The Union Church in Waban
Friday, July 23, 2021
This Sunday
Summer Worship
July 25th at 10:00 a.m. Worship - Jaap vanReijendam, preaching
Join us for our Summer Worship each Sunday at 10:00 a.m.! Gather on Zoom from wherever you are, or come by the church and worship with us in-person (masked) in our beautiful Memorial Chapel. This Sunday, we are blessed to have UCW member Jaap vanReijendam as our preacher and worship leader, as he shares a special reflection on Isaiah. His family will also help lead worship, including contributing some special music. You won't want to miss it!

Popsicles at the Picnic Table: All are welcome to join us at the church picnic table directly following worship for snacks and fellowship.

To join Sunday Worship on Zoom:  
Zoom Link: HERE
Meeting ID: 832 2059 8969
Passcode: 458322
Dial in only: 1 646 558 8656 

The bulletin is available HERE

To connect to Sunday Worship or to any of our online offerings, you may also go to our website at  
Summer Pastoral Care & Staff Vacations
Pastoral Care Connections
During this time of transition in our church, please know that our Associate Pastor, Deacons, and congregation are here for you. Please don't hesitate to reach out to Rev. Amy Clark Feldman by email at, or call/text her cell phone at
617-938-8112. She will be here full-time through August 1st.

In the weeks in August when Pastor Amy is on vacation (Aug. 2nd-23rd), we will be sure to share contact information for our Deacons, as well as details about our pastoral care coverage. This information will be in next week's e-newsletter and on the website (
E-newsletter for August
Our office manager, Aidan Cunningham, will be on vacation from August 9th-17th . For the weeks when Pastor Amy and our office manager are away in August, we will prepare and schedule our Friday e-newsletters before we leave. If you have items you would like to include for any of the first three weeks of August, please send them to Aidan at by next Wednesday, July 28th. Thank you!
Upcoming Summer Sundays & Gatherings
Backyard Church Summer Social!
Monday, August 2nd at 7- 8:30 p.m.

Would you like to reconnect with Union Church folks in person this summer? We'll be hosting backyard "socials" with dessert, conversation, and, if the spirit moves us, some reflection on what it has been like to be people of faith (more or less!) during the pandemic. The first social was held at Jon and Anya Bassett's home last week, and it was so joyful and meaningful to be together and reconnect! We hope you'll join us for our next gathering:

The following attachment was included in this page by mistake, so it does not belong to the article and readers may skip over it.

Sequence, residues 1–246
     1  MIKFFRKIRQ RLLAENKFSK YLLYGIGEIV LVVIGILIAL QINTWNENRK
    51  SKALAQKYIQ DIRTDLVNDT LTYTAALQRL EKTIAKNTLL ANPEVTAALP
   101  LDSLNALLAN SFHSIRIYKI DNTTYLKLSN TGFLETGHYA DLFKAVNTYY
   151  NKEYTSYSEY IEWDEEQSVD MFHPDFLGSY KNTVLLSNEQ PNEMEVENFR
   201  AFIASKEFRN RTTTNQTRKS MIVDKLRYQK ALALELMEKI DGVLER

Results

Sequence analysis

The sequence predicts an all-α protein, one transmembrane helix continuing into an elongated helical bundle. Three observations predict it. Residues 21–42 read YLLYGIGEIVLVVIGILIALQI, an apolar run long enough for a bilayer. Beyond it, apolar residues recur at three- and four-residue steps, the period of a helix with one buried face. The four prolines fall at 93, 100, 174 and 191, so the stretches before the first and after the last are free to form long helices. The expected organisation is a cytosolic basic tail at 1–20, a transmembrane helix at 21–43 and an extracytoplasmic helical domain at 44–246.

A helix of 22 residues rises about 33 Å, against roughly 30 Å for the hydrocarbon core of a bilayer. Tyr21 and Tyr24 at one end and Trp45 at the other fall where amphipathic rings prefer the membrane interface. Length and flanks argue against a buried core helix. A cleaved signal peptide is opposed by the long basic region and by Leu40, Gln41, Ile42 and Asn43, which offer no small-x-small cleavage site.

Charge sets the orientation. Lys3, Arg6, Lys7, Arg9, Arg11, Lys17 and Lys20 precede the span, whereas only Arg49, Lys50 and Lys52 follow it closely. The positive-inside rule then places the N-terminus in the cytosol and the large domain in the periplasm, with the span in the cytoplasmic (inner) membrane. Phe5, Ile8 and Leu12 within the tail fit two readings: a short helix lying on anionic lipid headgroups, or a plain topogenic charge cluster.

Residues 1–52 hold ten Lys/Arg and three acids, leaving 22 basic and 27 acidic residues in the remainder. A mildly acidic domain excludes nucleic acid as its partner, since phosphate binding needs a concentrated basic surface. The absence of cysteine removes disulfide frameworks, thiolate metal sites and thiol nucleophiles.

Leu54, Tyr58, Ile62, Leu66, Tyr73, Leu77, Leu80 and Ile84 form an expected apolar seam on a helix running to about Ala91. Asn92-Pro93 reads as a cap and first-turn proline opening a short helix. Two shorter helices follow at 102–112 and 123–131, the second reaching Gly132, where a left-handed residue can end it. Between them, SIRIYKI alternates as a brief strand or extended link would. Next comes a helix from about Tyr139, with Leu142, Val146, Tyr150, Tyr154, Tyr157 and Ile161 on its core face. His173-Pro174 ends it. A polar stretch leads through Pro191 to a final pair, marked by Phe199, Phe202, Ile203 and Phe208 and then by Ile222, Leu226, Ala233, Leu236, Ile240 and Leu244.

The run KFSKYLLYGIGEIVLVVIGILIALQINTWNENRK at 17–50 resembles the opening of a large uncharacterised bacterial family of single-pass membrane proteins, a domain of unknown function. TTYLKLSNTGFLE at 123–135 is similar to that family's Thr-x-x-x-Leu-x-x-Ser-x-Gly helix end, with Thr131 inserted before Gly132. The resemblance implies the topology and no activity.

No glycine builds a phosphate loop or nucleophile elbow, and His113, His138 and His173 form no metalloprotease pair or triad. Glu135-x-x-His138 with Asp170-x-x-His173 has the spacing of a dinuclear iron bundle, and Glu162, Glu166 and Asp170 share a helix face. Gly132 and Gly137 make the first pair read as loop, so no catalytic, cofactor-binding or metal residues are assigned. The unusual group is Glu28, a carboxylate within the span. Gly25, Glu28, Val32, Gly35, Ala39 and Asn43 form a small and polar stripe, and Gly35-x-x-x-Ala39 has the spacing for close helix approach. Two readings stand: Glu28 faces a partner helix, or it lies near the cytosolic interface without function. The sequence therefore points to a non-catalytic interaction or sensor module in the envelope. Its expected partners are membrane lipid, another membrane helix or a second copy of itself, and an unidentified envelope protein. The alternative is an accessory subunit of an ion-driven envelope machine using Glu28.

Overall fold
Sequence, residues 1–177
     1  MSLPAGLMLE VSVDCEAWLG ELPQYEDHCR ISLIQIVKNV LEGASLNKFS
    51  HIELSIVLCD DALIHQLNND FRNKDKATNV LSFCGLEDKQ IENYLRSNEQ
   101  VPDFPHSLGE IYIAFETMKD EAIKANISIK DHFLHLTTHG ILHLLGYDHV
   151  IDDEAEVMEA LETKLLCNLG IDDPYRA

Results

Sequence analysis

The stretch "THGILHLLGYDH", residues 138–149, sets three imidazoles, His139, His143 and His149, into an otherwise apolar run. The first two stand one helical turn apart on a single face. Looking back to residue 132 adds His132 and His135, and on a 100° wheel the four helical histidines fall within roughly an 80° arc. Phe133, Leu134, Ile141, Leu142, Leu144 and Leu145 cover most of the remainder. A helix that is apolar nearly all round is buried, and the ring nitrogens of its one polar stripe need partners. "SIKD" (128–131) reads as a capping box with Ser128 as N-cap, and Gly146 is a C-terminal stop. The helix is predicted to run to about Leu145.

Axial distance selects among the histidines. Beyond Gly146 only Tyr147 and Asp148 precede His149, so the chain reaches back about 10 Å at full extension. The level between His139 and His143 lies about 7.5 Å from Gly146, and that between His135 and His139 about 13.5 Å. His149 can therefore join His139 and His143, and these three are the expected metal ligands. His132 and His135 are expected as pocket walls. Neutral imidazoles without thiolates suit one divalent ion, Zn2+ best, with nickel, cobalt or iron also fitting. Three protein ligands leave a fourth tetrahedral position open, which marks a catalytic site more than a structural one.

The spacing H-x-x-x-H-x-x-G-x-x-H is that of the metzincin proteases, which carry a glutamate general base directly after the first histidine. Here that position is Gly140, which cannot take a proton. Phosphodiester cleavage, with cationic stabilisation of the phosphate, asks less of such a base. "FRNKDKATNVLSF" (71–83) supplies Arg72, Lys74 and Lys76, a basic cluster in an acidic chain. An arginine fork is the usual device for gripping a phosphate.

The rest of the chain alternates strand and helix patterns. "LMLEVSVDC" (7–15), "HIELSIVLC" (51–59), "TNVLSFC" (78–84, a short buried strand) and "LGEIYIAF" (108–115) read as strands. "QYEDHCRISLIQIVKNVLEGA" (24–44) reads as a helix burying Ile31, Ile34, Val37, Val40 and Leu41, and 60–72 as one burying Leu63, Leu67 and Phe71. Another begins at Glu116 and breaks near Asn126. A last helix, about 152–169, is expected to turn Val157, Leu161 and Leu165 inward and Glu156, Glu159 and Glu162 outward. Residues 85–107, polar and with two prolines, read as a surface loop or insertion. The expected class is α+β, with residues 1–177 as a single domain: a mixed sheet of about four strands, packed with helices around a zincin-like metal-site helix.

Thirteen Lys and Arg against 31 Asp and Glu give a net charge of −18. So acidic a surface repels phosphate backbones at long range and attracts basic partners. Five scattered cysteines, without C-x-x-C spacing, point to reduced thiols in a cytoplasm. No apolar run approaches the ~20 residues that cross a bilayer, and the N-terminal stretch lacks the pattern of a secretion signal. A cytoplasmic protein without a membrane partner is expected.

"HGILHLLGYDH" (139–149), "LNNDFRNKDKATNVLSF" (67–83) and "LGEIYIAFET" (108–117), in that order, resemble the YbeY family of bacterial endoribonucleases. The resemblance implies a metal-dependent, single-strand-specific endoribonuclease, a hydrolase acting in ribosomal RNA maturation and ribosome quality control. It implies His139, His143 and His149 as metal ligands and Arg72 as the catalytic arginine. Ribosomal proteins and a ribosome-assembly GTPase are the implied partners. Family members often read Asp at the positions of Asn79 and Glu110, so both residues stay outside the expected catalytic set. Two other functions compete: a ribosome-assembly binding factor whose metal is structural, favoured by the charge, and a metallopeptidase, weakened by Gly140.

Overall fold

The second will be at Erika and Kyle Pond's house on Monday, August 2nd from 7-8:30 p.m.

We will ask non-vaccinated people to wear masks. RSVP to by Sunday, August 1st so we know how much food to prepare and so that we can send directions and parking information. We can't wait to see you in person!
Worship in August
Come Together each Sunday at 10:00 a.m.

We will continue gathering for 10:00 a.m. worship in-person and on Zoom throughout August. We hope you will join us! The following is a brief look at the weeks ahead:

  • Aug. 1st - Communion Sunday - Rev. Amy Clark Feldman, preaching
  • Aug. 8th - UCW member, Jaap vanReijendam preaching
  • Aug. 15th - UCC Pastor and Spiritual Director of the Agape Spiritual Center, Rev. Matt Carriker preaching and sharing music
  • Aug. 22nd - UCW member, Jenny Weisz preaching
  • Aug. 29th - Rev. Amy Clark Feldman preaching
Greater Boston Interfaith Organization
Greater Boston Interfaith Organization (GBIO)
Upcoming Events

Everyone is invited and encouraged to help represent UCW at these two GBIO events on Zoom. Feel free to come whether or not you have previously participated in GBIO events! RSVP to Kathy Malone ( and feel free to reach out with questions.
Issue Platform Launch
Thursday, August 12th, 7:00 - 8:30 p.m.